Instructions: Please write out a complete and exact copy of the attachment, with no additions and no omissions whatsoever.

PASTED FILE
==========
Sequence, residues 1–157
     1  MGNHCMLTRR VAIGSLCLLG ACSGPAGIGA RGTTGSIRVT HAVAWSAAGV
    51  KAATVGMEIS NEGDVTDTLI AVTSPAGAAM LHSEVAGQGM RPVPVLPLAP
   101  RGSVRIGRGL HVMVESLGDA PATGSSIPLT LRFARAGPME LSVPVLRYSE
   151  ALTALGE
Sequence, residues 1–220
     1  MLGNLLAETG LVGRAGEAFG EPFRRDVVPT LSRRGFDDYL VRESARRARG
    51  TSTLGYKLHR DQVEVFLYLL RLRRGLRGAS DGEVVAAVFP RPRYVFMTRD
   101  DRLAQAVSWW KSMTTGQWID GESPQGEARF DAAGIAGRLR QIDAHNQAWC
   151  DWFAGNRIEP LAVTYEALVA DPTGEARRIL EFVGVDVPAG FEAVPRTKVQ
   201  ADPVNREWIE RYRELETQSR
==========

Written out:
Sequence, residues 1–157
     1  MGNHCMLTRR VAIGSLCLLG ACSGPAGIGA RGTTGSIRVT HAVAWSAAGV
    51  KAATVGMEIS NEGDVTDTLI AVTSPAGAAM LHSEVAGQGM RPVPVLPLAP
   101  RGSVRIGRGL HVMVESLGDA PATGSSIPLT LRFARAGPME LSVPVLRYSE
   151  ALTALGE
Sequence, residues 1–220
     1  MLGNLLAETG LVGRAGEAFG EPFRRDVVPT LSRRGFDDYL VRESARRARG
    51  TSTLGYKLHR DQVEVFLYLL RLRRGLRGAS DGEVVAAVFP RPRYVFMTRD
   101  DRLAQAVSWW KSMTTGQWID GESPQGEARF DAAGIAGRLR QIDAHNQAWC
   151  DWFAGNRIEP LAVTYEALVA DPTGEARRIL EFVGVDVPAG FEAVPRTKVQ
   201  ADPVNREWIE RYRELETQSR